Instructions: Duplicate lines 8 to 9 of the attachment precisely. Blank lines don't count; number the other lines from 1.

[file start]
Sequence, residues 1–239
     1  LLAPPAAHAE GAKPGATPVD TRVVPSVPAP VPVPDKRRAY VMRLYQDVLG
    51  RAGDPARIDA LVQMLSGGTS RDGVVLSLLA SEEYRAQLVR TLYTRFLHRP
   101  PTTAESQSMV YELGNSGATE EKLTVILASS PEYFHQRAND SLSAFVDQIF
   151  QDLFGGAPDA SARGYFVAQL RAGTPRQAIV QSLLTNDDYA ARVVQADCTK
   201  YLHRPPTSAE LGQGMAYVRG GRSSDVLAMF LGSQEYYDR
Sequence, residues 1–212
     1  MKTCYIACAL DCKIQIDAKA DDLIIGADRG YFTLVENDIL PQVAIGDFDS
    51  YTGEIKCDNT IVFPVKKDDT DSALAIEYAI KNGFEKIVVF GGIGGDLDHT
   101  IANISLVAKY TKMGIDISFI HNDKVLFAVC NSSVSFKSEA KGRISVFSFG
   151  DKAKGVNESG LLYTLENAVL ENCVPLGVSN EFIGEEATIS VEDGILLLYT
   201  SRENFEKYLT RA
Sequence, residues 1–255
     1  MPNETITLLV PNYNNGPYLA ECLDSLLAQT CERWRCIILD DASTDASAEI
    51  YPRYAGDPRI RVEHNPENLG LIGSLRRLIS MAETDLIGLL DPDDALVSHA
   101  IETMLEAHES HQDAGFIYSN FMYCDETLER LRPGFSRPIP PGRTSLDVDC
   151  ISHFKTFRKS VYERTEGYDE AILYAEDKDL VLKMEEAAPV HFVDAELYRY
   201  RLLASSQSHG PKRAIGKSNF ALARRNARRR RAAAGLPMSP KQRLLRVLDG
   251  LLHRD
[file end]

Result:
     1  MKTCYIACAL DCKIQIDAKA DDLIIGADRG YFTLVENDIL PQVAIGDFDS
    51  YTGEIKCDNT IVFPVKKDDT DSALAIEYAI KNGFEKIVVF GGIGGDLDHT